theorist at Harvard University whose research, lectures, and prolific output
of essays helped to reinvigorate the field of paleontology; One of the most
influential evolutionary biologists of the 20th century and perhaps the best
known since Charles Darwin, Dr. Gould touched off numerous debates, forcing
scientists to rethink sometimes entrenched ideas about evolutionary patterns
and processes."

In his article and obituary there were many remembrances of his love of
research, of teaching, of writing and of the New York Yankees.  Over the
years he had influenced so many students and readers, made such an impact on
the world around him.

But I think it speaks to the nature of personal remembrances that the most
touching recollection came only days later in a letter to the editor:

To the Editor:
You perfectly described Stephen Jay Gould's humanity and his powerful
knowledge. I knew him when we were growing up in Queens. He was the only
babysitter I ever had. Can you imagine having Stephen Jay Gould as a
babysitter?

No sitting in front of the TV for him! I would never say a word but just
watch in rapt silence as he transformed a quiet evening into an adventure!
He made block towers that went to the ceiling. He fashioned vehicles out of
everyday materials. He described amazing creatures to me.

I never forgot those illuminating hours in our little apartment in Fresh
Meadows. His mind was insatiable, and his warmth and sparkle were
contagious.
JAN JOHNSEN, Croton-on-Hudson, N.Y., May 21, 2002

Each of us has such a wealth of memories of those who touched our lives - as
family, friends, teachers, babysitters, neighbors, classmates and
colleagues: it is a private treasure trove of experiences through which God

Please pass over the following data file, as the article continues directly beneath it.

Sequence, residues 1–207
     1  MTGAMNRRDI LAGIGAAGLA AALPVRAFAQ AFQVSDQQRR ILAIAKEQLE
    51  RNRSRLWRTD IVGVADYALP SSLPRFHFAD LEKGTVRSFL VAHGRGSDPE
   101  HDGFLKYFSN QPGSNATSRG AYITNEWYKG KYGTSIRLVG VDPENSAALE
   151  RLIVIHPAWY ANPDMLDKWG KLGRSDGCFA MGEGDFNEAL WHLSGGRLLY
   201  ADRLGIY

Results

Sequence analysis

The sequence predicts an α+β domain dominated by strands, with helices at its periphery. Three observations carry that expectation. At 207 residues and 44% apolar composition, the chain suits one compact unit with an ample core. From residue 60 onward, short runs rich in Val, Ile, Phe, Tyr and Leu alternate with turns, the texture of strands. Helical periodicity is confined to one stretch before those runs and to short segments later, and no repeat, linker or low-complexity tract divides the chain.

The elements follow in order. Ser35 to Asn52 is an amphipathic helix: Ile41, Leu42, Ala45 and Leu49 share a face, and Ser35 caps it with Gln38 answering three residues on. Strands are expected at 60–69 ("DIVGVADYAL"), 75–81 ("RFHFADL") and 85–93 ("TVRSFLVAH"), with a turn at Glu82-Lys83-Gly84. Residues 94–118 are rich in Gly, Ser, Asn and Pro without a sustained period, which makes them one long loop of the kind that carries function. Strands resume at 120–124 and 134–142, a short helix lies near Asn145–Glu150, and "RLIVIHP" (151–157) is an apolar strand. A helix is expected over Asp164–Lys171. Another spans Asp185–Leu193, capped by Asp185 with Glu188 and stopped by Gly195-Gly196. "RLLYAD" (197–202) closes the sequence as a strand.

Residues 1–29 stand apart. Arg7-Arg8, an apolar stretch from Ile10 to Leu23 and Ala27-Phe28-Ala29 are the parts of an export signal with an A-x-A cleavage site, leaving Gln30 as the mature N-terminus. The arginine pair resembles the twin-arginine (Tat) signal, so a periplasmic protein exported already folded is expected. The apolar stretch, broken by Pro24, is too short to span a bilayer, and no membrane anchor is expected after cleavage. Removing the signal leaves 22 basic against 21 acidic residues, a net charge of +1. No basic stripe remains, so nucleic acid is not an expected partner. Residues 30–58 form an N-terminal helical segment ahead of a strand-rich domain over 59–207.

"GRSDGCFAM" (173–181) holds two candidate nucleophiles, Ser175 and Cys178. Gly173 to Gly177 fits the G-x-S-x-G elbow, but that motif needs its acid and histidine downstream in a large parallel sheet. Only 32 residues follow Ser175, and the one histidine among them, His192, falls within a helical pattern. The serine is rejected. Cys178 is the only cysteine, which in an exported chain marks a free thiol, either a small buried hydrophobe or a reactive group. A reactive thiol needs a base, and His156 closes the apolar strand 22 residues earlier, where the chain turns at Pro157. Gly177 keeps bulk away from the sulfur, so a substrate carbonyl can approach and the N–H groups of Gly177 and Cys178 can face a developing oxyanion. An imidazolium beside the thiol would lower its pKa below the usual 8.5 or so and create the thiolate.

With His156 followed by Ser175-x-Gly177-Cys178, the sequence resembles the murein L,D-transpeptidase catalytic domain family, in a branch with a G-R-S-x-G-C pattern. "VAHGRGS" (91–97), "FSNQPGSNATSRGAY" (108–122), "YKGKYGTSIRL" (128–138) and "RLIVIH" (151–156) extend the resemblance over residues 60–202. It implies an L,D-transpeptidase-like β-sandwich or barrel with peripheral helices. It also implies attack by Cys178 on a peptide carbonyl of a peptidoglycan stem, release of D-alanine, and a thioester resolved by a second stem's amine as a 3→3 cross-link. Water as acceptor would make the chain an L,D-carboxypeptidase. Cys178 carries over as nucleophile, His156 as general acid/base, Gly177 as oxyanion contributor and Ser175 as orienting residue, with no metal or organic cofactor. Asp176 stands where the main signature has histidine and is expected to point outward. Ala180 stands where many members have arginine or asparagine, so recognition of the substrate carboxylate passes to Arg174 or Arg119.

mediates his graceful love and care.  These are our personal memories that
shape our character and give us strength.

Of course, not all memories are personal and private.  Some are very public,
and often form around events that shape the psychology of a generation.

For my children there is little doubt that the events of 9/11 will be just
that kind of shared memory.  "Where were you when you heard the news?" they
will ask one another.

For my generation it might be March 29, 1973, when the last American troops
left Vietnam; Or April 4, 1968 when Martin Luther King, Jr., was killed; or
November 22, 1963, when Walter Cronkite interrupted As The World Turns, at
1:40 p.m. EST to announce that in Texas, "three shots were fired at
President Kennedy's motorcade in downtown Dallas. The first reports say that
President Kennedy has been seriously wounded by this shooting."

The character of my parents' generation was forever shaped by December 7,
1941, a date which will live in infamy.  Actually, my parents lived long
lives, and from their high school years they always remembered the 11th hour
of the 11th day of the 11th month of 1918, the end of World War I.

And in the years of my parents' youth, they lived among an older generation
who would never forget April 15, 1865, and the days that followed the death
of President Lincoln when his body was carried in a funeral train through
Baltimore, Harrisburg, Philadelphia, New York, Albany, Buffalo, Cleveland,
Columbus, Indianapolis and Chicago to his burial at Springfield, Illinois on
May 4.

The events of those days were remembered by Walt Whitman in his famous poem
When Lilacs Last in the Dooryard Bloom'd.  For Whitman all the wonderful